iPad saves construction firm $1.8 million annually

Posted:
in iPad edited May 11
The iPad has become an extremely useful tool for one Texas-based construction firm, with a report revealing the use of Apple's tablet by the workforce has saved the company an estimated $1.8 million per year, as well as helping to reduce the amount of hours spent working on projects.



Dallas construction company Rogers-O'Brien started using iPads on sites for the last five years, reports Business Insider, in a project overseen by director of applied technology Todd Wynne. Out of the 340 employees working for the firm, 190 possess an iPad for work purposes.

"Everyone on the operations staff gets an iPad that comes to work at Rogers O'Brien," advises Wynne. The half of the company that receives an iPad effectively consists of those working in the field, namely anyone who isn't in the office full-time.

The iPads play a role in helping to manage the vast amounts of paperwork involved in a construction project, including keeping all involved working from the same up-to-date version of building plans. This "One Truth" method is estimated to save around 7 percent on costs for each project, due to a reduction in mistakes caused by using outdated documents.

The paperless approach also minimizes issues with the sheer mass of documents that are created during construction. Likening it to the manual, product description, warranty, and other items that ship with a TV, Wynne suggests "imagine the same documentation for every component in a building."

The paper-based approach cost an average of $10,000 per project in printing costs alone, but it isn't the only way the company has saved money. Traveling to an on-site trailer to check a reference wasted time, and so far the use of iPads to check on the spot is thought to have saved close to 55,000 hours of employee time.

Since the iPad-based system was introduced, the firm has bought approximately 300 iPads, buying between 10 and 50 at a time from the local Apple Store at first, without any discounting or extra support from Apple itself. The high iPad sales caught the eye of the Apple Store manager, who asked Wynne to teach seminars at the store about using iPads in business.

At the time, Apple did not have a specific program that could help companies integrate Apple products into their workflow, but it has since created its own business program that aids with volume purchases and in other areas. Apple also operates in the enterprise field, and has worked with IBM to assist major firms using various iOS and macOS-based solutions.

Despite the usage of iPads by half the workforce, Rogers-O'Brien continues to prefer using Windows PCs for those working from the main office. "We love Microsoft, but we are desk-less users in the field," advises Wynne.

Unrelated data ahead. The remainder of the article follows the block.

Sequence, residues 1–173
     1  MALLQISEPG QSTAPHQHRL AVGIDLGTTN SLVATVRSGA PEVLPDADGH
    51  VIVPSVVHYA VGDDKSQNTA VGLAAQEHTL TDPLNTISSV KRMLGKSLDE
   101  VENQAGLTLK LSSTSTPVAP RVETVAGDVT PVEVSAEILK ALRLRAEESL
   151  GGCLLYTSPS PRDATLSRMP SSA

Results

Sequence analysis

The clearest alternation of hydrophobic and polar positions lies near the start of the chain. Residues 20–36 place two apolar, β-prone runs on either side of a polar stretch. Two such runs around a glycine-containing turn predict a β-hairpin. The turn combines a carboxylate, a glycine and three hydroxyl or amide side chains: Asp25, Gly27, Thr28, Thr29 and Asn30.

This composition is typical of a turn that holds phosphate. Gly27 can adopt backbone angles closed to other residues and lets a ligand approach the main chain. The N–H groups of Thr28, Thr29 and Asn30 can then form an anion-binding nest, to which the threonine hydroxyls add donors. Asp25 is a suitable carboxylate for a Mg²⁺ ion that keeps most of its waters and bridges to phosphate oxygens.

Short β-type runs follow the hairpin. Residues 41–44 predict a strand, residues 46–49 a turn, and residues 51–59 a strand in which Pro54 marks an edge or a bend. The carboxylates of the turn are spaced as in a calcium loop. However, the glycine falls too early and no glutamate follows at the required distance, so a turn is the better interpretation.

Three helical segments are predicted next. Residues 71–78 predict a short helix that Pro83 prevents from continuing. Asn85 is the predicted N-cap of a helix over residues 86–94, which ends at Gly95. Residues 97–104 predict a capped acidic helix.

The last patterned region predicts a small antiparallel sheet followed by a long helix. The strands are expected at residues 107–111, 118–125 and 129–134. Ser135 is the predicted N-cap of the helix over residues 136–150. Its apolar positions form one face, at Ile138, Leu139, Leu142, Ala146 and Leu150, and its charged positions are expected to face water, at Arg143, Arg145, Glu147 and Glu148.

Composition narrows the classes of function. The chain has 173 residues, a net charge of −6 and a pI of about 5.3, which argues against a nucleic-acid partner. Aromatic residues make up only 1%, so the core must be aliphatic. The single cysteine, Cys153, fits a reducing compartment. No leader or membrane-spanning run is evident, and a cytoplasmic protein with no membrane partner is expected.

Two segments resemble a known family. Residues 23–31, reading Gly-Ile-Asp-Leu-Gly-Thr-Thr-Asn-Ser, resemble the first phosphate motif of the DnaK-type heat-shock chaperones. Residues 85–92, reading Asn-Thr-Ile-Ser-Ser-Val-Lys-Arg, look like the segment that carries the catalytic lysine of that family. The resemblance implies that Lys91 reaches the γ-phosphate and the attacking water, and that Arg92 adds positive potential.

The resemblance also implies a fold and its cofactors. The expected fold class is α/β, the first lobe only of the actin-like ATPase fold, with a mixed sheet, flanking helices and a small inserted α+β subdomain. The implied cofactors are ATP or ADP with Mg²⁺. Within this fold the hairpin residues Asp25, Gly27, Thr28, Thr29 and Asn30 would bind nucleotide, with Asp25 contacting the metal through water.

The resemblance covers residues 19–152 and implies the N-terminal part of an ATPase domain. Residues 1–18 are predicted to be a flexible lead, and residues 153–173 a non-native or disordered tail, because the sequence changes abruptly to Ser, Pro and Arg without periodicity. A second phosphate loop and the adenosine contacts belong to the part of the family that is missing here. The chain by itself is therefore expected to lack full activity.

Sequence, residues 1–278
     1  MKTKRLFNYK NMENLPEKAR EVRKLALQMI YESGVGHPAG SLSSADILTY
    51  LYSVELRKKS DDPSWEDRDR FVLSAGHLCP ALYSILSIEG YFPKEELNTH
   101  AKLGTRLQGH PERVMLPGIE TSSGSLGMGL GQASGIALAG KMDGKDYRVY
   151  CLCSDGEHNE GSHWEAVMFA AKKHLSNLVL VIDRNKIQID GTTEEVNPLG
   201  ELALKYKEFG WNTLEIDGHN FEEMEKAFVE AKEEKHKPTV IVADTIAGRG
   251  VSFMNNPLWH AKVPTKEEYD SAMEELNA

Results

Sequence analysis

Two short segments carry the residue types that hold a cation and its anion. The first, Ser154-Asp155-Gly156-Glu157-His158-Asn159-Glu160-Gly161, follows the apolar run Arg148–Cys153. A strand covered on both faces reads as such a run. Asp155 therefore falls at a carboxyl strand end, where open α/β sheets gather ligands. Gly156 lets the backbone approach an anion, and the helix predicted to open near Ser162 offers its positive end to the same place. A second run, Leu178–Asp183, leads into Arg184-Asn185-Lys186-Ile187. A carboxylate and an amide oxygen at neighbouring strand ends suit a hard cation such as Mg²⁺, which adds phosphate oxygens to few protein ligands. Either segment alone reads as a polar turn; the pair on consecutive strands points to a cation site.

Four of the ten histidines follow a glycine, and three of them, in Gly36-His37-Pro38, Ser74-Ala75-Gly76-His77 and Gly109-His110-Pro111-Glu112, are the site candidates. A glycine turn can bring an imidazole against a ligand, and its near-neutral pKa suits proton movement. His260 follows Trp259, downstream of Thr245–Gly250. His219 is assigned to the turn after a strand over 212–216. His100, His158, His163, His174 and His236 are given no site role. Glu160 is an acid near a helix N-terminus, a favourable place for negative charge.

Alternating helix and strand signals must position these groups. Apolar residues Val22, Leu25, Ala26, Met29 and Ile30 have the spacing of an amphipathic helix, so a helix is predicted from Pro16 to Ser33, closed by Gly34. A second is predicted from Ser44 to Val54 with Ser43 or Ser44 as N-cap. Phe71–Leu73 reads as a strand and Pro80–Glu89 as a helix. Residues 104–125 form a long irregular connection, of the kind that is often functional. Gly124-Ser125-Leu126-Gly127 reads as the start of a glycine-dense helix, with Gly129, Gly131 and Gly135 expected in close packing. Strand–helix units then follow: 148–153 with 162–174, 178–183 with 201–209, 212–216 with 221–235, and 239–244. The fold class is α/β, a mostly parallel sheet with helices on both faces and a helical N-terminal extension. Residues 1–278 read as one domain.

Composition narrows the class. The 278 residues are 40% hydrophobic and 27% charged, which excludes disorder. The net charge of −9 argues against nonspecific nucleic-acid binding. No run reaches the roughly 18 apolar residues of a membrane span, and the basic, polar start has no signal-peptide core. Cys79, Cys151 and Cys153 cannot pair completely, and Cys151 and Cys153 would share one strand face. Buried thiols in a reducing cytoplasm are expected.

By comparison to other portable devices, the iPad was selected for a number of reasons, including its extensive battery life compared to PC-based tablets. The price of a cellular-equipped iPad is also attractive, costing a few hundred dollars compared to over a thousand for a PC with a tough screen and LTE.

Declaring the use of iPads and cloud computing to be "just the beginning," Wynne confirms the construction firm is already adding more technology to its workflow, such as using drones to photograph construction sites to monitor progress. Current plans involve the use of AI to analyze the drone images for safety compliance and logistics planning purposes.
edred

Comments

  • Reply 1 of 9
    lkrupplkrupp Posts: 5,874member
    A number of articles on financial websites are pundifying about Microsoft starting to pay less attention to Windows desktop much like people worry here about Apple paying less attention to macOS. Desktop computing will always be around I suppose but its glory days are behind it. Eventually operating systems will go away all together.
    tmayRayz2016watto_cobra
  • Reply 2 of 9
    The paper-based approach cost an average of $10,000 per project in printing costs alone, but it isn't the only way the company has saved money. Traveling to an on-site trailer to check a reference wasted time, and so far the use of iPads to check on the spot is thought to have saved close to 55,000 hours of employee time. 


    At the time, Apple did not have a specific program that could help companies integrate Apple products into their workflow, but it has since created its own business program that aids with volume purchases and in other areas. Apple also operates in the enterprise field, and has worked with IBM to assist major firms using various iOS and macOS-based solutions.
    55,000 hours saved from trips to the on-site trailer?  That seems excessive, no? Even spreading that out over 5 years that’s almost 60 hours per year per employee spent going to the trailer and back. Were those employees just trying to waste time?

    Also, I started working at Apple Retail in 2012 and there was definitely a Business Team in place then (remember the black shirts that said “Business” on the sleeve?).  Even back then all employees were expected to ask each customer if they used their devices for business so the local Apple Store missing that for orders of 10-50 iPads at a time seems like a huge mistake. Especially if the Store Leader had to be the one that noticed.  Granted, there was not as much focus back then on integrating Apple products into their workflow as there is now, but volume purchasing was absolutely one of the points we were supposed to bring up.  

    (Aside: talking about volume purchasing/discounts was always one of the tougher things to talk about when trying to get the Business Intro.  As soon as somebody heard that their interest would be piqued but they frequently wanted that discount immediately. However, what made it tough was that most people who used their device for business either weren’t in charge of the account or, more frequently, were the owner of a small business that wasn’t on planning to spend enough to get to even the lowest level where a discount would be applied. When they found out that their purchase of a base model MacBook Pro wasn’t enough to get the discount they would be turned off and then not want to give any information on their business.  It could be frustrating at times.)
  • Reply 3 of 9
    SpamSandwichSpamSandwich Posts: 29,058member